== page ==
The following essay was submitted to the Berkeley MBA program by our client. The client was accepted to the program.
One of the most difficult situations I have ever had face during my tenure as VP of my company was the decision whether to fire Jane, an experienced employee, who I had worked with closely for two years. The decision arrived at my desk after a new CEO was appointed, and I became his VP, in charge of most employees. Together, we decided that we were going to transform our small and quiet company into a leading research firm with a target of 50% sales growth over the next 2 years. For that, we needed a devoted team that was committed to this goal.
This vision did not fit Jane. She left a large corporation where she worked long hours, and one of the main reasons she chose to join us was the laid back and relaxed atmosphere of a small company- exactly what we were determined to change. Although talented, she did only the minimum necessary, and was not willing to make any sacrifices and commit to our goal.
I faced a tough decision. On the one hand, firing a talented and experienced employee, in a time when most of the employees were new (as we wanted to drive growth we recruited new people), seemed unwise. In addition, I knew that our relationships with major clients might get hurt and a substantial knowledge base would be lost
On the other hand, not firing her would mean establishing double standards for our employees – most were required to work hard, whereas Jane was leaving early and refused to contribute extra efforts. Her opposition to the change had already begun creating undesired effects, as a few of the employees resented her.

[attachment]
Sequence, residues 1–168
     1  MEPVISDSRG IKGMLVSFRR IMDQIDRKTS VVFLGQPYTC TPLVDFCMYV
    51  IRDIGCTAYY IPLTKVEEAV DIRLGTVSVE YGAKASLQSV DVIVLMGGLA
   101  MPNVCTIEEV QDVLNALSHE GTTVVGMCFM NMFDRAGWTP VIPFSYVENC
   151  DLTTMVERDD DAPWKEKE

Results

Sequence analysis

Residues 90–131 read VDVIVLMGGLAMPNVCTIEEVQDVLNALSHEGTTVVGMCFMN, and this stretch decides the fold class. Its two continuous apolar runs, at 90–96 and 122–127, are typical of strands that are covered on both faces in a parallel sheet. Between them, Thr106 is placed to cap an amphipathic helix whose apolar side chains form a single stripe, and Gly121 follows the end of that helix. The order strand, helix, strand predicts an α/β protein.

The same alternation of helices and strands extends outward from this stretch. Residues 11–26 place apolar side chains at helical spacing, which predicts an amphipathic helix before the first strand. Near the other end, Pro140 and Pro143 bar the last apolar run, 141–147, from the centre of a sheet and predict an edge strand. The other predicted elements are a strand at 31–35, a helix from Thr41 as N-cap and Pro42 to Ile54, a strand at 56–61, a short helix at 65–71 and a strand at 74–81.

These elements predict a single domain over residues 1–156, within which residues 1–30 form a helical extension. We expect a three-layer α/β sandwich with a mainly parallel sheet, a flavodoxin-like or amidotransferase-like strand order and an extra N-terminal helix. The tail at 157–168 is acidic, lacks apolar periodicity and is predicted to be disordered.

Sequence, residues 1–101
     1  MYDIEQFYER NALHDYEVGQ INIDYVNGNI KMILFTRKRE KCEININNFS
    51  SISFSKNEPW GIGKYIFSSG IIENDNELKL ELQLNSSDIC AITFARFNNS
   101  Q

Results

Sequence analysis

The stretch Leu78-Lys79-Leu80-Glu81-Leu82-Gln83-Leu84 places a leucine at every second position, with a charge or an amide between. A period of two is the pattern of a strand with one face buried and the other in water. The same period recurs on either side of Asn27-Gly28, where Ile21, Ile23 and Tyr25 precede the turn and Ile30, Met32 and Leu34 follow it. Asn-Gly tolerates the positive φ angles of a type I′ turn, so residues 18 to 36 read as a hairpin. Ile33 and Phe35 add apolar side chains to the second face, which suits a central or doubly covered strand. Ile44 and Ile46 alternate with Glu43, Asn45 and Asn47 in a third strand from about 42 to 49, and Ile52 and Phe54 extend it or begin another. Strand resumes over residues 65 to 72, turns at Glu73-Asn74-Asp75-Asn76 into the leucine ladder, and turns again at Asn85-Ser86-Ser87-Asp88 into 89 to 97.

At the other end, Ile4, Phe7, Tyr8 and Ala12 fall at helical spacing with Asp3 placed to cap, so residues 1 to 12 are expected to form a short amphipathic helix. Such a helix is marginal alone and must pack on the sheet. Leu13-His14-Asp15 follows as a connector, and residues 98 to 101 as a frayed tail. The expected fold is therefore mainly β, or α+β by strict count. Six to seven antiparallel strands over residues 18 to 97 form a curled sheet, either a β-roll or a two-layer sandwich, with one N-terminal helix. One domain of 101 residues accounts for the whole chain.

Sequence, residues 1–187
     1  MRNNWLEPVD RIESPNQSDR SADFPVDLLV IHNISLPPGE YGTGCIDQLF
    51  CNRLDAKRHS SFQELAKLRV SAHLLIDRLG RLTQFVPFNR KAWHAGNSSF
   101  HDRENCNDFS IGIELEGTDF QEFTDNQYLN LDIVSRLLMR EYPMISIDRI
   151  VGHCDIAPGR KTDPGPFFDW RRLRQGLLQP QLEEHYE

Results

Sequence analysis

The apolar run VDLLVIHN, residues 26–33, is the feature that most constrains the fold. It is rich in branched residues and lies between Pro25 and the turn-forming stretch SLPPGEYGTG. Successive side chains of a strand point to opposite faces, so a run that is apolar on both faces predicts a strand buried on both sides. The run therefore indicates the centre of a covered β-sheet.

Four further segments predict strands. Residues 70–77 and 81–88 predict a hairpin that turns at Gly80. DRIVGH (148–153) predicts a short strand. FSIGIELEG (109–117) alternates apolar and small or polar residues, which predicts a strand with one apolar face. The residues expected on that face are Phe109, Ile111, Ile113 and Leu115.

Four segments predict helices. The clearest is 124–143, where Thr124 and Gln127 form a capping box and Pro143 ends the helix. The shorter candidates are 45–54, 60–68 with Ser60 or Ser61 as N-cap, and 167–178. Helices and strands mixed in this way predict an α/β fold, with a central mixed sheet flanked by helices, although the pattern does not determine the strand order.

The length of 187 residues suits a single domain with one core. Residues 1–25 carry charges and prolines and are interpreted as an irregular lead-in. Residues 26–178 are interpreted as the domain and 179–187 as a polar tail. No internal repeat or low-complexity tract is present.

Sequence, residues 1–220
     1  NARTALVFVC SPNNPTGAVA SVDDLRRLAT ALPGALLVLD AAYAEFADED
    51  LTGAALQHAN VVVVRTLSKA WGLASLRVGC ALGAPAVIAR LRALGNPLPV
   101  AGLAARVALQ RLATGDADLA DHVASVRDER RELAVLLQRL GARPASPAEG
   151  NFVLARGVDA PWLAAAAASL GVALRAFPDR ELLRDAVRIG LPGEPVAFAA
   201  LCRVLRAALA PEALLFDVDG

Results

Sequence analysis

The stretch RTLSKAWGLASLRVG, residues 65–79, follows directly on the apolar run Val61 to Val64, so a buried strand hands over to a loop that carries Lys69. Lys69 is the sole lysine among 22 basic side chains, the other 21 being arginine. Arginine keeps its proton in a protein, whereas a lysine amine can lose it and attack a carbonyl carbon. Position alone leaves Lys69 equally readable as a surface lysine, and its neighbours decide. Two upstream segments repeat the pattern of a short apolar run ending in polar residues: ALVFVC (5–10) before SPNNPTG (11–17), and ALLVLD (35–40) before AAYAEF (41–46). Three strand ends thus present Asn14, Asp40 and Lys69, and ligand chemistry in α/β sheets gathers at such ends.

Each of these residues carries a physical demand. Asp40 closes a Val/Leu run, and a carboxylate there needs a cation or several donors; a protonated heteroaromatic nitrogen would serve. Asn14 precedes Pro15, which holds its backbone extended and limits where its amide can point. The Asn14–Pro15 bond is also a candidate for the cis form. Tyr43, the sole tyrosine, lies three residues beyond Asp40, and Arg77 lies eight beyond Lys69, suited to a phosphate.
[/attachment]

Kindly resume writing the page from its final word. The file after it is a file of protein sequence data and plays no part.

In order to solve the problem, I tried to make Jane relate to the new goals and change her attitude. In addition, we also improved the company’s bonus program, based also on her comments, in order to reward the extra efforts. When all milder measures failed, I had to make a decision.
I decided to fire Jane. Although I knew that in the short run things would be difficult, I concluded there was no other way. I needed the most dedicated team possible, a team who was personally committed to the growth of the company. Jane, as head of a major division, would have undermined this effort in the long run.
Personally, making the decision was very hard. It meant firing someone with whom I had worked with closely for a long time. However, In terms of team spirit, matters improved greatly, and we succeeded in building the right team to lead the company forward. The new division head that replaced Jane was a highly motivated manager, and with her I had a team that could reach the ambitious goals we set, and indeed, in two years we have doubled the company’s project capacity, with a great improvement of research quality and customer satisfaction.
Actual question from Tuck MBA Essay Question modified for brevity
Describe a time when you exercised turnaround leadership. Discuss the challenges faced and results achieved. What areas do you seek to develop further?
The above topic brings to memory my employment with ABC as a team leader (Aug. 2005 – Nov. 2006). I had been entrusted with the responsibility of leading a 15-member team with the Global Recovery group at ABC (Collections Division). I had been into collections services for less than 3 months and the fact that all other members in the team had an average tenure less than mine did not help. Also, there had been frequent changes in the team’s composition due to very high levels of attrition. A “Team coach” (product/process specialist) had also not been assigned, which wasn’t been the case for other teams. There were obvious gaps in knowledge and skill levels of members, low morale and also an absence of cohesiveness in the newly formed group. The team’s performance measured on measured parameters had been abysmally low to the point that it’s “existence was questionable”. The challenge was thus to achieve a breakthrough with a range of limitations.